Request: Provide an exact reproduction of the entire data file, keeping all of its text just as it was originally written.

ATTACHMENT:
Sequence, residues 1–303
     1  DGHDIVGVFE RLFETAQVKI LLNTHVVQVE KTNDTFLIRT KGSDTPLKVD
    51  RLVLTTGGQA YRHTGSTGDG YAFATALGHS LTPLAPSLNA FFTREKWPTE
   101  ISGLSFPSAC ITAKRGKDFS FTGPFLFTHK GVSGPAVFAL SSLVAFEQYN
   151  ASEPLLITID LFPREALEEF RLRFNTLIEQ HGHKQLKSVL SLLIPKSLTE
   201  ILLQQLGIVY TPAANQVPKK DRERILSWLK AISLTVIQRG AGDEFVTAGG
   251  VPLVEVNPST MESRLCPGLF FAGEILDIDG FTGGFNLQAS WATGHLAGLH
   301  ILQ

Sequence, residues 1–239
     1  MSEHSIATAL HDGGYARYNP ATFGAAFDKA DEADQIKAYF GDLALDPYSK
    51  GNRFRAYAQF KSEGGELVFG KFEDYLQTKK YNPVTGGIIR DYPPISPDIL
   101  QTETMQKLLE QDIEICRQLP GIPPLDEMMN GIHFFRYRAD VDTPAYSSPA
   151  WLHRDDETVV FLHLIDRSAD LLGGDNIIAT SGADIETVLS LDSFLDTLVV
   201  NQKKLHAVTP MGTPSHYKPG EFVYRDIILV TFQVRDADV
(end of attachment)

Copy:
Sequence, residues 1–303
     1  DGHDIVGVFE RLFETAQVKI LLNTHVVQVE KTNDTFLIRT KGSDTPLKVD
    51  RLVLTTGGQA YRHTGSTGDG YAFATALGHS LTPLAPSLNA FFTREKWPTE
   101  ISGLSFPSAC ITAKRGKDFS FTGPFLFTHK GVSGPAVFAL SSLVAFEQYN
   151  ASEPLLITID LFPREALEEF RLRFNTLIEQ HGHKQLKSVL SLLIPKSLTE
   201  ILLQQLGIVY TPAANQVPKK DRERILSWLK AISLTVIQRG AGDEFVTAGG
   251  VPLVEVNPST MESRLCPGLF FAGEILDIDG FTGGFNLQAS WATGHLAGLH
   301  ILQ

Sequence, residues 1–239
     1  MSEHSIATAL HDGGYARYNP ATFGAAFDKA DEADQIKAYF GDLALDPYSK
    51  GNRFRAYAQF KSEGGELVFG KFEDYLQTKK YNPVTGGIIR DYPPISPDIL
   101  QTETMQKLLE QDIEICRQLP GIPPLDEMMN GIHFFRYRAD VDTPAYSSPA
   151  WLHRDDETVV FLHLIDRSAD LLGGDNIIAT SGADIETVLS LDSFLDTLVV
   201  NQKKLHAVTP MGTPSHYKPG EFVYRDIILV TFQVRDADV